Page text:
This then leads to the chorus of the song that reads as follows:
“A-amen, amen, amen
Take me to church
I’ll worship like a dog at the shrine of your lies
I’ll tell you my sins, and you can sharpen your knife”
Through the chorus, Hozier uses juxtaposing diction and overall develops his argument through such a contrast. First, the juxtaposing diction is evident especially in the line “I’ll tell you my sins, and you can sharpen your knife.” By structuring the language in such a manner, he continues to develop the idea of oppression. If someone apart of the LGBT community were to express their feelings to the church, they would be faced with immense resentment and possibly violence, as seen through the metaphor of the knife. The whole point of the song is for Hozier to express his disapproval of these oppressive institutions. Therefore, by writing the chorus in a format that sarcastically worships the church, he show the negative effects that would be imposed on someone like him.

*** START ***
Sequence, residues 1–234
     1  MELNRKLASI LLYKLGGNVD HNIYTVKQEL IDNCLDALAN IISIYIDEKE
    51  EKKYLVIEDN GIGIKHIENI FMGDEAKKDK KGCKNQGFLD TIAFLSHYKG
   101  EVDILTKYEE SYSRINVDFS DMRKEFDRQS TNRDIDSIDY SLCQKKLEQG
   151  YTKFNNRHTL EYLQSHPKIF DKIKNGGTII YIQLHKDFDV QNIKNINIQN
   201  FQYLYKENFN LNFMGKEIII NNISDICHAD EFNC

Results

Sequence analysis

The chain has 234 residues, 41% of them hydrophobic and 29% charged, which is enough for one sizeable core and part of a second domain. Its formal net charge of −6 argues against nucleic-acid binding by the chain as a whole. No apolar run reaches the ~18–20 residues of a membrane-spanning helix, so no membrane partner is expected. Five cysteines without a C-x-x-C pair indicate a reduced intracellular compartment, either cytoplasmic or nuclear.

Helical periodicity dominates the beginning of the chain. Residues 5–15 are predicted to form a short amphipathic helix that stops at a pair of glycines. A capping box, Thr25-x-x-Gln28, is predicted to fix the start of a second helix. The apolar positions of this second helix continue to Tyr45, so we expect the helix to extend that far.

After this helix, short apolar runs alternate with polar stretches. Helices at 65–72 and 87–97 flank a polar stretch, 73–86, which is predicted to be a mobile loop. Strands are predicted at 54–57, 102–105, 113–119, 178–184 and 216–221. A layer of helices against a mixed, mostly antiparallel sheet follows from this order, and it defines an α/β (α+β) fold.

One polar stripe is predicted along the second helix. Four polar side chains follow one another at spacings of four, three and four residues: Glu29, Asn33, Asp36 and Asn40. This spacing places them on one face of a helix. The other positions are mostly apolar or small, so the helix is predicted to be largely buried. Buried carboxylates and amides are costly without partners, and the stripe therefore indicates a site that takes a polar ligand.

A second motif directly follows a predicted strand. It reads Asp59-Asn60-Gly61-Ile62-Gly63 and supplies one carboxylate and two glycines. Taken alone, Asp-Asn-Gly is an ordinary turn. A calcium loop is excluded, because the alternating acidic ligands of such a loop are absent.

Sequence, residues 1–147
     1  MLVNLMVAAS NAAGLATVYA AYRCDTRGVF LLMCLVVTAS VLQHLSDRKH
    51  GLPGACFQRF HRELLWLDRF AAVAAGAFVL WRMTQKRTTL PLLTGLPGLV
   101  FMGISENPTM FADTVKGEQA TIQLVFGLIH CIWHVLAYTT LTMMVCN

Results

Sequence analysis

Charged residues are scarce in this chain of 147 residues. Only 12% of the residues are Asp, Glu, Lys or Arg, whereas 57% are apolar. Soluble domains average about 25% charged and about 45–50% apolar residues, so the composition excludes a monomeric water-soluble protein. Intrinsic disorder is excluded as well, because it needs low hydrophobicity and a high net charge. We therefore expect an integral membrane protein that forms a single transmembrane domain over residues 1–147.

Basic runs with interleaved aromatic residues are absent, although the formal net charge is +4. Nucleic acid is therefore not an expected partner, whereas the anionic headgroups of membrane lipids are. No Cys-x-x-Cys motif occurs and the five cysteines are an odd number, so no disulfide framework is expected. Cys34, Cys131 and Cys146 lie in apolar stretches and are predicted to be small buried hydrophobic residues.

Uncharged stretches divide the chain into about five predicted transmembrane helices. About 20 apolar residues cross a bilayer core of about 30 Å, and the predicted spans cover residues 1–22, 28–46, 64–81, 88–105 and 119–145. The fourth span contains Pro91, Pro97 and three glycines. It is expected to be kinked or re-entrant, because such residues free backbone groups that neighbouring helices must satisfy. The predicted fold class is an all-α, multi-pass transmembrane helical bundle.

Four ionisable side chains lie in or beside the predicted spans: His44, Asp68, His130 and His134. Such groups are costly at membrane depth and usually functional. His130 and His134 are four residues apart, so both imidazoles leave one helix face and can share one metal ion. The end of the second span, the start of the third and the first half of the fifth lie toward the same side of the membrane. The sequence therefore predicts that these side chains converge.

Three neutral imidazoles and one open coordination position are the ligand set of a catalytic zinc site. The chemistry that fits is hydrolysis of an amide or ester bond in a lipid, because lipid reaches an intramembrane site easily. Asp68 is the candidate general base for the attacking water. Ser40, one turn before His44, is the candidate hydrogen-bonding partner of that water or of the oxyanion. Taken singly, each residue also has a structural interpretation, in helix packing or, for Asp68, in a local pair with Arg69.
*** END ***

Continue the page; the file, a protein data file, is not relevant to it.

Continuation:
Towards the end, Hozier speaks more about the liberation he has found in expressing his identity and loving who he wants. Specifically he states:
“There is no sweeter innocence than our gentle sin.
In the madness and soil of that sad earthly scene.
Only then I am human”
Through speaking about an “earthly scene,” Hozier shows that the church would consider homosexual intercourse a sin, however, he sees it as an act of liberation. He uses this portion of the song to sum up his argument. Faced with such hateful events in places like Russia, that don’t allow for expression of natural human acts, he explains how truly satisfying it is to love. Expressing one’s natural human rights and love for another is far more fruitful than worshiping an harsh institution.
“It must have been her eyes that kept him both guarded and stirred up”
“Sethe’s eyes bright but dead”
“The man without skin, looking. He is looking at her.”
Moving through the course of the story, I noticed a repetitive nature when discussing the characters eyes. I pondered over the reasoning behind Morrison’s discussion of the gaze at vital moments, such as the point where Beloved pushes Sethe around and the first intimate moment between Paul D and Sethe.